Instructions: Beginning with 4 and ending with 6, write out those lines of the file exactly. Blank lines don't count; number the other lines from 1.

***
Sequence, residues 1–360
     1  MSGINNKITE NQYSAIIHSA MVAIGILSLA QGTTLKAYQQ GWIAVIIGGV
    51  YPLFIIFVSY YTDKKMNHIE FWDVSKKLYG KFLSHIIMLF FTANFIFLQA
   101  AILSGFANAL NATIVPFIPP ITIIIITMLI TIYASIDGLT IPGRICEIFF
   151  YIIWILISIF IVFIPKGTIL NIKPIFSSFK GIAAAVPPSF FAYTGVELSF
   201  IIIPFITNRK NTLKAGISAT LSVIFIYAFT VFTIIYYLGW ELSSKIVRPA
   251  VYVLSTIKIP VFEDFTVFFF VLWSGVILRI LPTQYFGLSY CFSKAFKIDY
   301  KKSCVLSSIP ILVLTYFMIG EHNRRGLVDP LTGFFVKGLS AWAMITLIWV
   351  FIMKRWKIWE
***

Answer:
   101  AILSGFANAL NATIVPFIPP ITIIIITMLI TIYASIDGLT IPGRICEIFF
   151  YIIWILISIF IVFIPKGTIL NIKPIFSSFK GIAAAVPPSF FAYTGVELSF
   201  IIIPFITNRK NTLKAGISAT LSVIFIYAFT VFTIIYYLGW ELSSKIVRPA